As noted in the previous section, the amounts of phosphorus applied to crops should be based ideally on a well-calibrated soil test. However, even at a given soil-test phosphorus level, the amount of phosphorus fertilizer required for economic-optimum yield often will vary with crop. Generally, fast-growing, short-season vegetable crops have higher phosphorus requirements than field and orchard crops. Many deciduous fruit crops infrequently respond to phosphorus fertilization even if soil tests are low (47). It is presumed often that surface soil tests fail to characterize the full soil volume where trees take up nutrients or the fact that trees take up nutrients over a considerable time period.
Mechanisms of phosphorus-utilization efficiency have been classified into three broad classes including:
(a) secretion or exudation of chemical compounds into the rhizosphere,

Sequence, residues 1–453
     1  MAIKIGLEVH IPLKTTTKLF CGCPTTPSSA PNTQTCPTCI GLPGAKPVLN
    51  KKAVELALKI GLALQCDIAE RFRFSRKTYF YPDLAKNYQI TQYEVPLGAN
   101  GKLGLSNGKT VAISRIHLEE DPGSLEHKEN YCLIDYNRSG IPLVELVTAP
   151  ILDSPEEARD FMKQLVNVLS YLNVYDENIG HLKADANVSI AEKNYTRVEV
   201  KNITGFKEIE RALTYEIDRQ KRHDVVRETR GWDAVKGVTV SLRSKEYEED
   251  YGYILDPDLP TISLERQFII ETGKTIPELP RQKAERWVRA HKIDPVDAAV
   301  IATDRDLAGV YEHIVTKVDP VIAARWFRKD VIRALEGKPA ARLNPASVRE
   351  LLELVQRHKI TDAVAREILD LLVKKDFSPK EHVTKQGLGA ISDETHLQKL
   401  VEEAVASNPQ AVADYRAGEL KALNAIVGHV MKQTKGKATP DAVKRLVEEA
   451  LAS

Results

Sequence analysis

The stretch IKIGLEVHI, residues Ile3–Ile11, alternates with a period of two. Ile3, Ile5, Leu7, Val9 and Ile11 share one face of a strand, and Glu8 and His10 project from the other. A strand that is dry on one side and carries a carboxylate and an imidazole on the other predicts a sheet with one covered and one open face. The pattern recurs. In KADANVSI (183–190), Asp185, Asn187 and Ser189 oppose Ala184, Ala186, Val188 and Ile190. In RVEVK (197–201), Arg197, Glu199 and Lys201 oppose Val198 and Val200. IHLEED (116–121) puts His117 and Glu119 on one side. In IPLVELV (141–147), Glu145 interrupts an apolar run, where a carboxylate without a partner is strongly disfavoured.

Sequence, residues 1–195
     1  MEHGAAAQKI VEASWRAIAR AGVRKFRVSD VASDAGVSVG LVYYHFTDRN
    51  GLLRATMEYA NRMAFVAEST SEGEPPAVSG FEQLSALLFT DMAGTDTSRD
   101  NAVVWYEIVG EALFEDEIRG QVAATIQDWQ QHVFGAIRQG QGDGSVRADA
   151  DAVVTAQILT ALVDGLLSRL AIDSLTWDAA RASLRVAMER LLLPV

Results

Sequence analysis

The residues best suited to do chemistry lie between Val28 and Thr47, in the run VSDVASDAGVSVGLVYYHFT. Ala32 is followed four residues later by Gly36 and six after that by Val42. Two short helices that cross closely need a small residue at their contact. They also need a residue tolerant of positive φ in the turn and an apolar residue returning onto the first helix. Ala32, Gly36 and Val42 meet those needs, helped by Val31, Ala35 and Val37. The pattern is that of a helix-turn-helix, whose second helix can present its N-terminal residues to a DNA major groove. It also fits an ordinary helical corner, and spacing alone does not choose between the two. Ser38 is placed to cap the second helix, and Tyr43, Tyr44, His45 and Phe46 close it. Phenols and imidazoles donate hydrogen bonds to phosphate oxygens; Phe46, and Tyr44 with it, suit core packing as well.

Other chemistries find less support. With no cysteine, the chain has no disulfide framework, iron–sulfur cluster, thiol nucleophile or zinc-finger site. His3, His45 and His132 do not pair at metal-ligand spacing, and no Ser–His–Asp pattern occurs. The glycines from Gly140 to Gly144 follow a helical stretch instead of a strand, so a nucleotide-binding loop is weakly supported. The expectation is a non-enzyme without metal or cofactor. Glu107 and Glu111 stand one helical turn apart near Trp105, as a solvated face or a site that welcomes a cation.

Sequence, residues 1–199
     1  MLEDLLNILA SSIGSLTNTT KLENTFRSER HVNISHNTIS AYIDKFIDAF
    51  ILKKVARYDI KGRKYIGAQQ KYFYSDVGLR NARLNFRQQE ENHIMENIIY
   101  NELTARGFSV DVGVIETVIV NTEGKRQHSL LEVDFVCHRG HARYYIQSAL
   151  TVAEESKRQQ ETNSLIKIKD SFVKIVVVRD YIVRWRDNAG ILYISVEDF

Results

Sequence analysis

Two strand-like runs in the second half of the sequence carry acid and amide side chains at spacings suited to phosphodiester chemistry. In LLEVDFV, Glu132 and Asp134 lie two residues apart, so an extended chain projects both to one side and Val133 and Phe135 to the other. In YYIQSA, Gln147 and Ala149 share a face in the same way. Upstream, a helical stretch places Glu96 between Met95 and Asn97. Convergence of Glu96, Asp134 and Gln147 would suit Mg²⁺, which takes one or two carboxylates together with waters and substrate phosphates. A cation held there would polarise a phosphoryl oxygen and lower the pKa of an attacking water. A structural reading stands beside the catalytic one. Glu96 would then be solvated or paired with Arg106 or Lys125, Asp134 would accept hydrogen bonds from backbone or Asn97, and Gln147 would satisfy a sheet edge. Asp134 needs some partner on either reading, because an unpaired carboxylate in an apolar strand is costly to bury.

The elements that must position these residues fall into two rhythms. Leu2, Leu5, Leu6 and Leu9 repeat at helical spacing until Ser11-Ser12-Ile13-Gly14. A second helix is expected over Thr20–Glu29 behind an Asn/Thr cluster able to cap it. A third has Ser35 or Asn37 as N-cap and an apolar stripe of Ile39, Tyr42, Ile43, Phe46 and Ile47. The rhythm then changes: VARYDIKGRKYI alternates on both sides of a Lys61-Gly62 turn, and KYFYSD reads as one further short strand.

(b) variation in the geometry or architecture of the root system, and
(c) association with microorganisms (74).
Future opportunities for improving phosphorus-utilization efficiency in crops through genetic manipulation of traits exist (75).
In conclusion, as available data permit, soil-test recommendations for phosphorus should be customized by crop. However, at present, soil-test-based recommendations are generally not sufficiently sensitive to allow recommendations to accommodate the more subtle genetic variation among cultivars within crop species.
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